Following Ben Ali’s ouster, Rached Ghannouchi and other exiled opposition leaders returned to Tunis. Ghannouchi’s Islamic Ennahda Party won the first postrevolutionary election, but he handed the presidency over to social-democrat Moncef Marzouki.

The rift between the secular ruling class and the religious proletariat deepened. Ghannouchi capitalized on this divide, promising voters he would reinstate religious freedoms for the working class.

Against Ghannouchi’s Islamist party, Ben Ali’s former prime minister Mohamed Beji Caid Essebsi launched Nidaa Tounes. Made up of former RCD members, this party remains committed to Ben Ali’s economic program. Nidaa Tounes won a majority of votes in the 2014 elections. Since then, men of the old regime, reorganized under the banner of Ennahda and Nidaa Tounes, have governed in coalition.

Sharing a neoliberal framework and an economic reconciliation project that grants immunity to corrupt elites — sealed with the September 2017 amnesty bill — the coalition has received praise from the international community for its peaceful, unitary governance.

The coalition has enacted economic policies to fulfill the requirements of a loan it received from the Deauville Partnership with Arabic Countries in Transition. Created at the 2011 G8 summit in Deauville, this partnership unites the IMF, the World Bank, the G8, Turkey, and the Gulf countries to offer huge loans to Arab Spring nations in exchange for neoliberal reforms. In 2012 and 2016, the postrevolutionary government took out additional IMF loans, entailing further austerity measures.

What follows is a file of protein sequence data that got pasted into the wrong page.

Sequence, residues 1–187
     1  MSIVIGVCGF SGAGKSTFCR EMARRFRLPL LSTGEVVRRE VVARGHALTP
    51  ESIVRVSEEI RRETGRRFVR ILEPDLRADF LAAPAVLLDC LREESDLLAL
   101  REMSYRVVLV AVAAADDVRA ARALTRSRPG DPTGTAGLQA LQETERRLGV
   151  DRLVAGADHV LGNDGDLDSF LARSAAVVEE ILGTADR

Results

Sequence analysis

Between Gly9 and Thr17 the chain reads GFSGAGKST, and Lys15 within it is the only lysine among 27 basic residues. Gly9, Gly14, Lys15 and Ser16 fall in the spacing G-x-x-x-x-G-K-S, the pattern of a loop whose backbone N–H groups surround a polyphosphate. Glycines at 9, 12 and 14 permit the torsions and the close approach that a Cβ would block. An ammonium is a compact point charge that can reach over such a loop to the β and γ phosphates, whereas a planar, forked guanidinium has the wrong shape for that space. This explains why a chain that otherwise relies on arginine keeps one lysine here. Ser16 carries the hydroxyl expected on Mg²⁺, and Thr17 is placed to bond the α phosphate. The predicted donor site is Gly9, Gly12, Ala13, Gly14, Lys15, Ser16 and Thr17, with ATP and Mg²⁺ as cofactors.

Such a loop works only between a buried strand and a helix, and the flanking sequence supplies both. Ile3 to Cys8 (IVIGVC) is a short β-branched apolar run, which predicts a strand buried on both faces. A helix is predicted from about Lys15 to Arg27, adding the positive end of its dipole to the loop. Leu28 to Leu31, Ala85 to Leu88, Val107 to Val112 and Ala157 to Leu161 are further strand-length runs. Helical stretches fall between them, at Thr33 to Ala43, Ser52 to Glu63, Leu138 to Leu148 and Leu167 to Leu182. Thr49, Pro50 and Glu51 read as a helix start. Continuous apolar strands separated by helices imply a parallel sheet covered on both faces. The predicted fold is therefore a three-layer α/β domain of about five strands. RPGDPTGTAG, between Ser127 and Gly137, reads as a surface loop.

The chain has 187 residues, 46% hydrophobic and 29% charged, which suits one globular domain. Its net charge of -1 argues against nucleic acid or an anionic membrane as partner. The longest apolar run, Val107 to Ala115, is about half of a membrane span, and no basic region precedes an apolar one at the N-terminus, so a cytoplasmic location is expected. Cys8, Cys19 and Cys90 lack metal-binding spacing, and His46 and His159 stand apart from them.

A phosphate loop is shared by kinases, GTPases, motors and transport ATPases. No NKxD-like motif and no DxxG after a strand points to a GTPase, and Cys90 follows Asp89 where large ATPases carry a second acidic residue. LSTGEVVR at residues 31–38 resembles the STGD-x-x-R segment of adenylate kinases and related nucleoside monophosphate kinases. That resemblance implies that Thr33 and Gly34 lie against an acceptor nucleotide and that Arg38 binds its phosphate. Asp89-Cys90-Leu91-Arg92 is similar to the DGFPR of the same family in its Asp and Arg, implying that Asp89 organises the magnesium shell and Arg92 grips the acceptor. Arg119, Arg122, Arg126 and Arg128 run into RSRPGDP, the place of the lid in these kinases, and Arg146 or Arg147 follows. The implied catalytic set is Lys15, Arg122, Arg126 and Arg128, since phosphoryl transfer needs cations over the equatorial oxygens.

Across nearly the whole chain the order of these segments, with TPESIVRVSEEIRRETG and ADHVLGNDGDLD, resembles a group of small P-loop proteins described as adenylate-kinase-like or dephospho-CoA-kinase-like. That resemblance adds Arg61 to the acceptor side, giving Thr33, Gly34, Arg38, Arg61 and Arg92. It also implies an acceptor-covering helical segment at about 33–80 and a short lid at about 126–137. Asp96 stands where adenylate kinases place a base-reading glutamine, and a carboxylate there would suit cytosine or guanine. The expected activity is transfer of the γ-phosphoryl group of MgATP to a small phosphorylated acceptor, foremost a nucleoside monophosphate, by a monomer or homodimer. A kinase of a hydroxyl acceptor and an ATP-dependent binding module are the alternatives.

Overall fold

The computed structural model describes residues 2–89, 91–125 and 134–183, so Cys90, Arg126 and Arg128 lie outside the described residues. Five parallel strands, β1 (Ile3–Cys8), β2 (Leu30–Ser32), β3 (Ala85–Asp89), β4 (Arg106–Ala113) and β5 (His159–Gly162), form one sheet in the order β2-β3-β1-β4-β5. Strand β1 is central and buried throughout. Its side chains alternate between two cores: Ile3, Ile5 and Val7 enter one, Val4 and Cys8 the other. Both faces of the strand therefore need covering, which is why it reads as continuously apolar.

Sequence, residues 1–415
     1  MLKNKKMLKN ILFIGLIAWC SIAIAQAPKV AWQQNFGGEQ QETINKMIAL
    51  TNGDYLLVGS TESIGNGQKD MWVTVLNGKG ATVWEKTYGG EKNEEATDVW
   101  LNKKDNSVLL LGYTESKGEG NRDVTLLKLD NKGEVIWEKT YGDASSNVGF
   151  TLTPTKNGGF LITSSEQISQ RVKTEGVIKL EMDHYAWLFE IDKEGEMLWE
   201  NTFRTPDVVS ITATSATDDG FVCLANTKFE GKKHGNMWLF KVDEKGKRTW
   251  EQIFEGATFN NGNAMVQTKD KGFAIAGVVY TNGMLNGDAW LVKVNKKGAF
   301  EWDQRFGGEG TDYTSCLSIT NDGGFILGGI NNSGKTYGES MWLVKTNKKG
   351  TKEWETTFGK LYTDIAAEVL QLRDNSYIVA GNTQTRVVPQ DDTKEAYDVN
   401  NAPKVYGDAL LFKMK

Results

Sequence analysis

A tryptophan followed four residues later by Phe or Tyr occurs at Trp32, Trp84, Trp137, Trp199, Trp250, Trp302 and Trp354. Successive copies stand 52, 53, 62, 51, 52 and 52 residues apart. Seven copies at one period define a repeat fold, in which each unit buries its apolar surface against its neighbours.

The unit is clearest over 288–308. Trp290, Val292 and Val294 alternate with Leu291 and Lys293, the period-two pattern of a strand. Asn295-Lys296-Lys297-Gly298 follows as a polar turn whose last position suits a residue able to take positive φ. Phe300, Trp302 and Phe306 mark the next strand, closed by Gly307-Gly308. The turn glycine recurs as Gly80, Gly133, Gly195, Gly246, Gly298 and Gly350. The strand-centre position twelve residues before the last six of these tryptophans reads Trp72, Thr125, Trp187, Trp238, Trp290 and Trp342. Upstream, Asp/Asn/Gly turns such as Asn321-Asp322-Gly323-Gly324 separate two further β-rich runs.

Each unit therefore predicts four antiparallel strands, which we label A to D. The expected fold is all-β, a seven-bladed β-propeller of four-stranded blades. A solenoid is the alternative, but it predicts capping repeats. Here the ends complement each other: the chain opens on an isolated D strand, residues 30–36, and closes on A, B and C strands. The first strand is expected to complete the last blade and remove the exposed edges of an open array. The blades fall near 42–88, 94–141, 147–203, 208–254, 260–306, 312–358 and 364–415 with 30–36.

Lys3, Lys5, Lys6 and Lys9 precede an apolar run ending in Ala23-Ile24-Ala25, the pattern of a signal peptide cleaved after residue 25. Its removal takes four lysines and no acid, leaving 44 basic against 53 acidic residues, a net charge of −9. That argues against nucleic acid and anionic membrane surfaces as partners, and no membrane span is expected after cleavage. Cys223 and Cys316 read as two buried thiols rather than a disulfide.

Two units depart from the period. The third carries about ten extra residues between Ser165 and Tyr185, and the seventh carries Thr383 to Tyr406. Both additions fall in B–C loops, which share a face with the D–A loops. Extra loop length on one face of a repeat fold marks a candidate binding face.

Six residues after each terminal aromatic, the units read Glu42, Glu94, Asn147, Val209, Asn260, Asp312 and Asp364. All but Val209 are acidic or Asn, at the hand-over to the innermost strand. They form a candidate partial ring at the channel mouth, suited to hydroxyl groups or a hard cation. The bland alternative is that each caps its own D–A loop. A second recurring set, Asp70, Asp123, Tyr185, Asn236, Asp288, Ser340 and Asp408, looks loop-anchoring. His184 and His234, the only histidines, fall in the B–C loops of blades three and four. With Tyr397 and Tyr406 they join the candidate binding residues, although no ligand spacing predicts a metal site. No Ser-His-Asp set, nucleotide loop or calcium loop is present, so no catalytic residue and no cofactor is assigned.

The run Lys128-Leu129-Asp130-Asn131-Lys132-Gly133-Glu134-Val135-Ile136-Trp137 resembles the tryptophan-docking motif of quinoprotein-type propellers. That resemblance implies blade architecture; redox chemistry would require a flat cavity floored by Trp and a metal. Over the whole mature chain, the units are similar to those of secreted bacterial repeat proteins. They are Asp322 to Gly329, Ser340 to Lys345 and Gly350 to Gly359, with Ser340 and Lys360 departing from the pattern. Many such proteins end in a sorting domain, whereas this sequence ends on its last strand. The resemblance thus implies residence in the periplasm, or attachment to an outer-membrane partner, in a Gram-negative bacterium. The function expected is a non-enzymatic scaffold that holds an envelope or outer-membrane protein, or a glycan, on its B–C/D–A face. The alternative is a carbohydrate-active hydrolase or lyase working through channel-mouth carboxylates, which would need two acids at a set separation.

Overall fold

Meanwhile, the Left formed the Popular Front for the Realization of the Objectives of the Revolution, an electoral alliance that brought together the Democratic Patriots’ Unified Party, the Movement of Socialist Democrats (which has left the group), the Workers’ Party, the Tunisian Ba’ath Movement, the Greens, the Arab Democratic Vanguard Party, and other groups.

As the rift between the secular elites and the more religious working class deepened, the Tunisian left further abandoned its more class-conscious position. Before the revolution, when women were prohibited to wear the hijab under Circular 108, leftists fought for women’s right to wear the headscarf. Now, the organized left prioritizes secularist identity over the long-term process of winning support and deepening its social base. This identity has become a precondition for entering certain leftist spaces. It marks individuals based on clothing and symbols, and the Left has predominately replaced the term “religious” with “Islamist.”